A few minutes into Izu Ojukwu's 76, I thought 'well, that's some interesting choice of words'. I do not know the reason behind the writer's diction but I do assume it must have something to do with the time period the movie was set in. I also do not... Ugh this is strenuous. I didn't exactly get the writer's aversion to contractions. The incessant use of 'do not' instead of 'don't' bothered me, especially considering that 1976 wasn't exactly the Shakespearan era. Never mind my nick picking though(I would really love to talk to Emmanuel Okomanyi , the scriptwriter, on this issue), let's get on to the movie proper and why I have captioned this article 'The Future of Nollywood."
Now, I'd like to begin by saying a hearty thank you to Mr. Izu Ojukwu and everyone who worked on this project. It was so beautiful, I cried. I spoke earlier on the writer's interesting diction but I wouldn't forget to mention how beautifully he weaved the story of a man and woman who were seemingly different yet so strongly connected with each other. I liked the angle from which the story was told. Very impressive work there.
The biggest issues I have with Nollywood cinema standard movies as a whole, are in the post-production stages, precisely film transition. Or as I like to call it, FLOW. You know how Jay Z is one of the greatest to ever do it because his lines are not just tight, but he's also got that flow? Yes, Nollywood needs that Jay Z effect. Wrap it up and serve it clean. That said, though '76 had a few glitches between the first and third scene, it cleaned up nicely as the story unwrapped. Great job there by Emeka Ojukwu, the editor. It'll be almost impossible for me not to absolutely adore a movie that gave me the Jay Z effect!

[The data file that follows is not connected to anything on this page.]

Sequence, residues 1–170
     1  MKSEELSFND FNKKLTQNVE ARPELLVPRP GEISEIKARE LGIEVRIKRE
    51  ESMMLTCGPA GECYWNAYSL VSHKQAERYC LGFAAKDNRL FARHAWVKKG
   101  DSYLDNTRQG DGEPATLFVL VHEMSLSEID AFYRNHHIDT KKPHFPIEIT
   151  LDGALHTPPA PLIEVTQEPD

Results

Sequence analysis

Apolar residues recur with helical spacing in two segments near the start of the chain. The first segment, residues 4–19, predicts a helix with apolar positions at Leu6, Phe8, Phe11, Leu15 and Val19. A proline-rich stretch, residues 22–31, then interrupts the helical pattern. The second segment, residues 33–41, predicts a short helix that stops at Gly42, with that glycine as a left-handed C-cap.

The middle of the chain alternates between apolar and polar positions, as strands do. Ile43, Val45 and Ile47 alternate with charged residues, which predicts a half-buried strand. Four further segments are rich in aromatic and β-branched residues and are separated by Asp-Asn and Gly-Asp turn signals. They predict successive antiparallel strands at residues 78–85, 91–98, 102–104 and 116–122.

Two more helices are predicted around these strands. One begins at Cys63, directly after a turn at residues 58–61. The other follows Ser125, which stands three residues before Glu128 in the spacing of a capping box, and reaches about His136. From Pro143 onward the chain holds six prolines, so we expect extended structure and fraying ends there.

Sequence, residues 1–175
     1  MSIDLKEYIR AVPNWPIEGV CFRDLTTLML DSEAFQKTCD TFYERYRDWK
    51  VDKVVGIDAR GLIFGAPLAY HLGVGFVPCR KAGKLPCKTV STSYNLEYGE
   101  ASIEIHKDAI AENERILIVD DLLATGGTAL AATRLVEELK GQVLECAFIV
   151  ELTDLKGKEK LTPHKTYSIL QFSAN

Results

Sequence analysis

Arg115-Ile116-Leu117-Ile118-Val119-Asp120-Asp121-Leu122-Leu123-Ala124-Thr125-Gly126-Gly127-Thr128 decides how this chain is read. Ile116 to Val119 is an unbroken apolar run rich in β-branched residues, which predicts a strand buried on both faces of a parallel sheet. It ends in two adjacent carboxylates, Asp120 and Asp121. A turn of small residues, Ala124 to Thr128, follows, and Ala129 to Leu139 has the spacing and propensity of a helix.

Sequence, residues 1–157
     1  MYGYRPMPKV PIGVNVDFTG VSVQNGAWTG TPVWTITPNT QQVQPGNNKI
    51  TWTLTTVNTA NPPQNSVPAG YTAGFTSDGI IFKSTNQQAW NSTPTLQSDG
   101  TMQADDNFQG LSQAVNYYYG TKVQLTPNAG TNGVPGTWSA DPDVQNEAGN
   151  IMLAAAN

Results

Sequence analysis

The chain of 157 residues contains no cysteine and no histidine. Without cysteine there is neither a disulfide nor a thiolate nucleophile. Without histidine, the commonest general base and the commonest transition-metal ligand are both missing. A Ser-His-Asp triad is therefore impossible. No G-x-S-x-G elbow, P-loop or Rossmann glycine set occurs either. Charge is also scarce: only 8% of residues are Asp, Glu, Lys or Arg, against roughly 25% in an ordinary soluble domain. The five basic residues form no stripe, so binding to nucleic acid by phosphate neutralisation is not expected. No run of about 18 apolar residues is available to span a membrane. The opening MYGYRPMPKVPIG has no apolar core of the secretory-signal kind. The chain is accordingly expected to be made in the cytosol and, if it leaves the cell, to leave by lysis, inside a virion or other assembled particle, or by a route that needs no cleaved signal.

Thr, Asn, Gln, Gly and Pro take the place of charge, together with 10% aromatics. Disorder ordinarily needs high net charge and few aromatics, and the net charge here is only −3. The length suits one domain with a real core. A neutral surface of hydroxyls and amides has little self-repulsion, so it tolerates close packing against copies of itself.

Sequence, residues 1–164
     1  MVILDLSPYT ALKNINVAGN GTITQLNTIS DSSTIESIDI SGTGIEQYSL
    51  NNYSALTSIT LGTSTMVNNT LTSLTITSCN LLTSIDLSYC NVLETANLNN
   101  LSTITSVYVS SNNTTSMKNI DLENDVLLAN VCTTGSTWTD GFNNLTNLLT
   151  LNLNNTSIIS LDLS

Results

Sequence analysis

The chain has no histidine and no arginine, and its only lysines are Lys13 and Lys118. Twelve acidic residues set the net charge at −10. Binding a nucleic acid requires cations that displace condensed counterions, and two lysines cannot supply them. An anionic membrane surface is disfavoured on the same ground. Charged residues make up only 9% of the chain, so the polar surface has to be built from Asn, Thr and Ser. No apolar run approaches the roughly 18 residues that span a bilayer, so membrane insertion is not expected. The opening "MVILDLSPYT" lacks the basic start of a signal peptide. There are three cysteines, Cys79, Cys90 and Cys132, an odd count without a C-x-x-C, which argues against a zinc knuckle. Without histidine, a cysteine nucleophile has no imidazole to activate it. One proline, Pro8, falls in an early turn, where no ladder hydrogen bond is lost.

There's an abundance of talent in Nollywood and '76 did a fantastic job of casting them. Ramsey Noah, Rita Dominic, Chidi Mokeme, Ibinabo Fiberesima and the Zimbabwean, Memry Savanhu interpreted their roles remarkably well. It's very telling of a director's expertise when every individual actor gives a good performance.
I'd like to give special props to the art director. Excellent interpretation of the year the story was set in. The authenticity of the movie, to the very smallest detail - the interior decoration, the fashion and even the gait and demeanor of the characters - speaks volumes on how much thought was put into the film from as far back as the conception of the idea, through the pre-production and into the principal photography. I appreciate the thoroughness especially in Nollywood where we see a lot of 'wuru wuru to the answer' even in less complex films.
The make up artist as well did a good job. I definitely did not recognize Chidi Mokeme as Major Gomos until well into the film. I was literally on my seat thinking "when is Chidi coming in" until I finally put two and two together. Lol! I also digged (dug???) the hell out of the 'starch on Ramsey Noah and the fit of that uniform was, for lack of a better term, delightful to the eyes. Ramsey Noah's entire person is delightful to the eyes, but I drift. The Joseph Dewa character played by Ramsey was not only intelligent and morally upright, but extremely attractive too! I definitely got the James Bond vibe though I'm almost certain it wasn't deliberate.
A film is never really great if nothing is said of its cinematography. The shots were well angled with clean clear imagery. I was particularly impressed by the despondent scenes that showed Suzie (Rita Dominic) and Angela (Ibinabo Fiberesima) in successive states of gloominess. Very beautifully captured.
I've gathered that the movie had a budget of 600million Naira ($3m) putting it at a record highest film production in Nollywood, above 93 days' 400m. With a budget that big, one would wonder if it could do better or at least, as well as Ay's 'A trip to Jamaica' which is at the moment, Nollywood's highest grossing movie. Seeing as the 93days movie reportedly ran a loss, it's a legit fear. I'm keeping my fingers crossed though!
In conclusion, the Nigerian historic event archives are rich with engrossing stories waiting to be turned into film. It's a niche that could be carved and owned, and I think Izu Ojukwu could be the man for the job. He could well be on his way to revolutionizing the African film industry and taking it on to the world. It'll be a delight to see that happen in my time!
P.s Anyone know if Mr. Ojukwu is looking for an intern!?😃😃